Note-making NOT note-taking


How do supervisors encourage students to undertake reading as a productive activity? If a key problem in literature reviews is simply restating or describing the research findings of others, what specific strategies help students move beyond this? And as always, how often do you show doctoral students your own notes, and share your strategies?

Here is a brief guide to making notes that assists students in moving beyond the basic.

  1. WHY?

Why this text? Why have I chosen to read this? (ensures recording of the source’s provenance and highlights the selective, creative and personal nature of literature reviews).

  1. WHAT?

Type of literature (theory, empirical research, practice, policy- this hones conceptualisation of student’s  own project).

  1. HOW?

Nature of contribution to field (ie. methodology, findings, proposed impact, recommendations).

  1. WHY NOT?

Limitations or shortcomings (attunes students to the need to find gaps in knowledge and engage critically).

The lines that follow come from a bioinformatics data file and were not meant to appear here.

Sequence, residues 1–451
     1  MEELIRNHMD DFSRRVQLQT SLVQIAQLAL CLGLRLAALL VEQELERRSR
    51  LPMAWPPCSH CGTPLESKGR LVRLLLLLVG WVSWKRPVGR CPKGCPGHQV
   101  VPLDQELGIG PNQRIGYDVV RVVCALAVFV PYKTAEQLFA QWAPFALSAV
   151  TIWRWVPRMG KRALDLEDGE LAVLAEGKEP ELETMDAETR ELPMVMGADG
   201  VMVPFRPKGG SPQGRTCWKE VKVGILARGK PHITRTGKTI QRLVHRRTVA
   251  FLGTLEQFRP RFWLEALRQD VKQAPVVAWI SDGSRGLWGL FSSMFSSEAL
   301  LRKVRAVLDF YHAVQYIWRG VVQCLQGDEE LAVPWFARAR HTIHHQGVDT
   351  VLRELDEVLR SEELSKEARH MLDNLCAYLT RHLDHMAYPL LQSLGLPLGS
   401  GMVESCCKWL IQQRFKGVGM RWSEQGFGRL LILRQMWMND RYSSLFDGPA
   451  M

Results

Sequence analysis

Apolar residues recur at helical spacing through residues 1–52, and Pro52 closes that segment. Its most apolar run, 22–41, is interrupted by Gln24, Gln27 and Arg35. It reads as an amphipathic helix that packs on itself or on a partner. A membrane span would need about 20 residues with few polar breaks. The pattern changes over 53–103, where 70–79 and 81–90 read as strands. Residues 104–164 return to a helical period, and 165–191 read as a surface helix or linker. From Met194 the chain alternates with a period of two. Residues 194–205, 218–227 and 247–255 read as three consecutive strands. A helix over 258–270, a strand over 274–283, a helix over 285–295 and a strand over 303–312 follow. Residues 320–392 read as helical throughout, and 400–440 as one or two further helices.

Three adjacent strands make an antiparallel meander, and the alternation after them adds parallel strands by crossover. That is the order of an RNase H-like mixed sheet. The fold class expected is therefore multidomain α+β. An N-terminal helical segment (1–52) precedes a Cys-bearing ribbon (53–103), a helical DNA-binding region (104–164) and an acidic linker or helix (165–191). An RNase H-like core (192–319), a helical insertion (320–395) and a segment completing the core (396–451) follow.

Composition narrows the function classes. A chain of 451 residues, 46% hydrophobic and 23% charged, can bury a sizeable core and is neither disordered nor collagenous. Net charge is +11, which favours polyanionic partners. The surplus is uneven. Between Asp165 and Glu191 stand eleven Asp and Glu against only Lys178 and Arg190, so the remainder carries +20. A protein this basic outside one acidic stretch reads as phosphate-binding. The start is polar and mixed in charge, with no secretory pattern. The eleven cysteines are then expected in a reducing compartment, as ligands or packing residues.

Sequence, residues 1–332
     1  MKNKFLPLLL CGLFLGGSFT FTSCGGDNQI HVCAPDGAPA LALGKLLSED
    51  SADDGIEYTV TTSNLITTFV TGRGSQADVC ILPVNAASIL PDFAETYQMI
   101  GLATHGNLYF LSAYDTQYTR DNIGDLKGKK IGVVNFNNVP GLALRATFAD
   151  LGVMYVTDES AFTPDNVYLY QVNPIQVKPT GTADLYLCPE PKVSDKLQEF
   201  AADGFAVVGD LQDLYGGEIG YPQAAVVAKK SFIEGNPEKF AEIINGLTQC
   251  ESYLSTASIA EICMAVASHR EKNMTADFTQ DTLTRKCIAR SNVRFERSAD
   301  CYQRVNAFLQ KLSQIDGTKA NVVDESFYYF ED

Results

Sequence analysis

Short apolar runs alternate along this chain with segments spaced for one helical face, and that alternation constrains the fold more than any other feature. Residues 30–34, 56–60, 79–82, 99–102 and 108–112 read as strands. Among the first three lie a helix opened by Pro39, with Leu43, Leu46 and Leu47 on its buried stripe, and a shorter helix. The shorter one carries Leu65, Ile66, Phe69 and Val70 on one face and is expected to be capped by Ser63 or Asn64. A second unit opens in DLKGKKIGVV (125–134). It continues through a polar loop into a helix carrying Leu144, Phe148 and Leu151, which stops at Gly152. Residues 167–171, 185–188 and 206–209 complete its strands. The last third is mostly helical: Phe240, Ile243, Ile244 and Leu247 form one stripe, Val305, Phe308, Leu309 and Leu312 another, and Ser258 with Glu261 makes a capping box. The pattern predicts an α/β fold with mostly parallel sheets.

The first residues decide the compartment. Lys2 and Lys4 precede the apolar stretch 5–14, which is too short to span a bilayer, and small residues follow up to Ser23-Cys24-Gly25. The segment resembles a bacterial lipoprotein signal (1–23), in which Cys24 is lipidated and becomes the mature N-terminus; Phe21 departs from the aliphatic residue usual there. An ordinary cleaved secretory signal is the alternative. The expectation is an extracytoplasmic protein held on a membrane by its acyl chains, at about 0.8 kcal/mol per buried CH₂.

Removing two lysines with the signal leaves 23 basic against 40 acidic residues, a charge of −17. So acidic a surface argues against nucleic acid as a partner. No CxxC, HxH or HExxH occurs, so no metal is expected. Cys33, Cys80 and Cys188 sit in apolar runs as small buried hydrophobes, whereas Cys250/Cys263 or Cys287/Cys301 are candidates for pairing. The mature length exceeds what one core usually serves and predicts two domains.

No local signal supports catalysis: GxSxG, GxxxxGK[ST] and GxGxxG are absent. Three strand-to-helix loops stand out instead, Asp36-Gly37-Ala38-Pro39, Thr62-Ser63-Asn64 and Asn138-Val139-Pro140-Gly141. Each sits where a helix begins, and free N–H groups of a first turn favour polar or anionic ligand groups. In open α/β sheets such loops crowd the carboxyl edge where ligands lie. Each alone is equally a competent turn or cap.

Relevance to research questions and strategic positioning in relation to student’s ideas.


Points of departure from planned study (encourages students to already be positioning their work for publication).

These headings form a neat template that can assist students in developing thorough and generative reading habits. Pat Thomson’s latest post also gives some very useful advice about academic reading.


Author: Lucinda McKnight

Dr Lucinda McKnight is a lecturer in curriculum and pedagogy at Deakin University. She has a BA in Fine Arts, Women's Studies and English from the University of Melbourne, an MA (Distinction) in Media, Culture and Communication, from the Institute of Education now at UCL, and a PhD in Education from Deakin University. Her cartoons have appeared in a number of publications, including Farrago and Health Voice. She has exhibited her artwork at Museum Victoria and the Victorian College of the Arts.

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